After detailing a humdrum bout of idiocy at a gala hosted by the law firm where he worked one summer, he endeavors to corroborate his version of events by supplying an email about the evening he’d sent to his pals the Monday after — in effect reprinting the exact story he’s just told, only with a subject line header and date stamp at the top. “Now, as you can see, the email is exactly what happened,” he writes, as though he couldn’t be deceptive in an electronic letter or outright fabricate one; the dude actually thinks he can vouch for himself. “I don’t need to exaggerate or lie in my stories; they are funny enough as it is,” he concludes. Imagine if the Jackass crew made other people the victims of their stunts but never filmed anything and spent each episode swearing up and down that one of them stole a guy’s crutches or barfed on a woman during anal sex, and you start to get the picture.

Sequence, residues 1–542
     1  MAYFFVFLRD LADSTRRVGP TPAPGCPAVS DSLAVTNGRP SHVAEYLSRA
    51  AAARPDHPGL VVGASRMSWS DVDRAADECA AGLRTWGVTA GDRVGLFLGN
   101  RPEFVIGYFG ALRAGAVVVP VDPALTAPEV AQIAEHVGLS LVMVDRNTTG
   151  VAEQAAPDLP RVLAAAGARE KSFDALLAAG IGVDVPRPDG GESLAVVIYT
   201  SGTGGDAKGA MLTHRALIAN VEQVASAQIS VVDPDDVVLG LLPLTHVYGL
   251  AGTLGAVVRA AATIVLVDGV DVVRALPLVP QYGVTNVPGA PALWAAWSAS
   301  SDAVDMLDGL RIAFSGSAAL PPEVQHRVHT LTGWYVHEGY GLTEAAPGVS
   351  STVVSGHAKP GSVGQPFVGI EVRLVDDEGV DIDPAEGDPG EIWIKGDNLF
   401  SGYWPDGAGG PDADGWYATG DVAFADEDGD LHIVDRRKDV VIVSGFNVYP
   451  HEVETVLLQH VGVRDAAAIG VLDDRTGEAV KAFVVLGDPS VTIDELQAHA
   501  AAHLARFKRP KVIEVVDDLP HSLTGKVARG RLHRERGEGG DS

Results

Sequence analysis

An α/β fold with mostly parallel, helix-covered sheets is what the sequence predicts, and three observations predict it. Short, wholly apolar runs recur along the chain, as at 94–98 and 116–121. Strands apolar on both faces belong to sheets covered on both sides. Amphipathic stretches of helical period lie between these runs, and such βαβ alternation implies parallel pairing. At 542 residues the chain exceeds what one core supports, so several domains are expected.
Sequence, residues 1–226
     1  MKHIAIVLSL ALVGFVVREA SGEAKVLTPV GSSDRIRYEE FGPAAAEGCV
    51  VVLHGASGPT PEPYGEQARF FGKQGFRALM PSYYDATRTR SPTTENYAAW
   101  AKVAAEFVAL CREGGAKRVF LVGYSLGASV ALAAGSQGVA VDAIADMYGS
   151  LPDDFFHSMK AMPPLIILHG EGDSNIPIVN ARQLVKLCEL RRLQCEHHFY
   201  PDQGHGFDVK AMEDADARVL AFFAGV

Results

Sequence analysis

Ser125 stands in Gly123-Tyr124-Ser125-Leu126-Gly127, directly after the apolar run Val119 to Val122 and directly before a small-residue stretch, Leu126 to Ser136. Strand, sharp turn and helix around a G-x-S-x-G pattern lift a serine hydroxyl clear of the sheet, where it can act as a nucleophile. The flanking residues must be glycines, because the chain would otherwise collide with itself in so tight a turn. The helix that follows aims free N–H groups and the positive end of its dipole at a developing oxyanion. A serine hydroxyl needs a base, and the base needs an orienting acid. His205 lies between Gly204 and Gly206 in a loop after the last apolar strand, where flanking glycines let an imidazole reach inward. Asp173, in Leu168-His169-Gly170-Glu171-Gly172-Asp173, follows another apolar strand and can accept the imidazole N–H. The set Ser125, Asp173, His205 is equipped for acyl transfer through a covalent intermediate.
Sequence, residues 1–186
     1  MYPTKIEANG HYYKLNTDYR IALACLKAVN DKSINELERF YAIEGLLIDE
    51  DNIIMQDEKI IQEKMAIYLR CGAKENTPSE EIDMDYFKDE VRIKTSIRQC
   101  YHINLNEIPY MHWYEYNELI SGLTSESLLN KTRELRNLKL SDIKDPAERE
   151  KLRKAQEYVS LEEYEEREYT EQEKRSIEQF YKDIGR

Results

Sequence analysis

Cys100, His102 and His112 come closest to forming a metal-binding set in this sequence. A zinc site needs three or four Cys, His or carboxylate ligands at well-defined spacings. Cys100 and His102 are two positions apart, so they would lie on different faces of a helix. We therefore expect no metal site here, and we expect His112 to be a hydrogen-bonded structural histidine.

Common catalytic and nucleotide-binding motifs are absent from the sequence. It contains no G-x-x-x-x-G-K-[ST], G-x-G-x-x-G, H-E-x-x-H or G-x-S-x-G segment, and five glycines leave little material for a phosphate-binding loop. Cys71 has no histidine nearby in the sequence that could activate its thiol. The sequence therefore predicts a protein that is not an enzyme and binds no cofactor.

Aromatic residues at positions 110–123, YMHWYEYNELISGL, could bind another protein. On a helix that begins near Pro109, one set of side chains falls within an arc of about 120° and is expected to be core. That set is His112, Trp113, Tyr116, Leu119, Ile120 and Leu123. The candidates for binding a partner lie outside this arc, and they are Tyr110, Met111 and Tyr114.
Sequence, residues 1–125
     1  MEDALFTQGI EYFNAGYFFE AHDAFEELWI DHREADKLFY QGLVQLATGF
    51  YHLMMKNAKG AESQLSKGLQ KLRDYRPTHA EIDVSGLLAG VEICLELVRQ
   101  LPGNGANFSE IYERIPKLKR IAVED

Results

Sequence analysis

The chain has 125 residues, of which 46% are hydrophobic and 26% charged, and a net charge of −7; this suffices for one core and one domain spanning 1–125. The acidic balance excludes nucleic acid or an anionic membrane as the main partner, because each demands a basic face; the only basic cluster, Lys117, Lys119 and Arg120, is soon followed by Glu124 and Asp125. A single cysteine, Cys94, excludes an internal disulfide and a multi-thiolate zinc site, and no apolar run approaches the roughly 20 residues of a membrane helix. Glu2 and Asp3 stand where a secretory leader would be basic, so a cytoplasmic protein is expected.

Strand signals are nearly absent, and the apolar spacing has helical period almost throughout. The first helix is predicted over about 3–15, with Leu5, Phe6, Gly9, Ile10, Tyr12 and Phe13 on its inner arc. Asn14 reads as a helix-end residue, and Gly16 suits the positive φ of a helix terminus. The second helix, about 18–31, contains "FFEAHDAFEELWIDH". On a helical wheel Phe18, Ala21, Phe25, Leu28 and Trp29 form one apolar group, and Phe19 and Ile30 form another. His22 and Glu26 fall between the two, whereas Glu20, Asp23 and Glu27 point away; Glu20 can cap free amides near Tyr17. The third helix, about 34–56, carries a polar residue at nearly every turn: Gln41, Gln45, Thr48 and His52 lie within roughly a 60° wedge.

Max neurotically demands that the reader serve as fact-checker, too: “The only reason I can tell you this next part is because the truth is an absolute defense to libel, and this particular event had a sober witness named Brian, who went to law school at Columbia. […] If you don’t believe this, find him and ask him about it.” It’s a bluff you can’t really call; the idea of getting in touch with every balding suit named Brian who attended Columbia Law around the turn of the millennium to verify a Tucker Max claim feels equally hopeless and asinine. Moreover, we learn from the author’s note that “unless a full name is used, all other names are pseudonyms.” So why bother with these worthless assurances? Maybe to deflect from the conflict of interest that arises when you’re dictating your own mythology.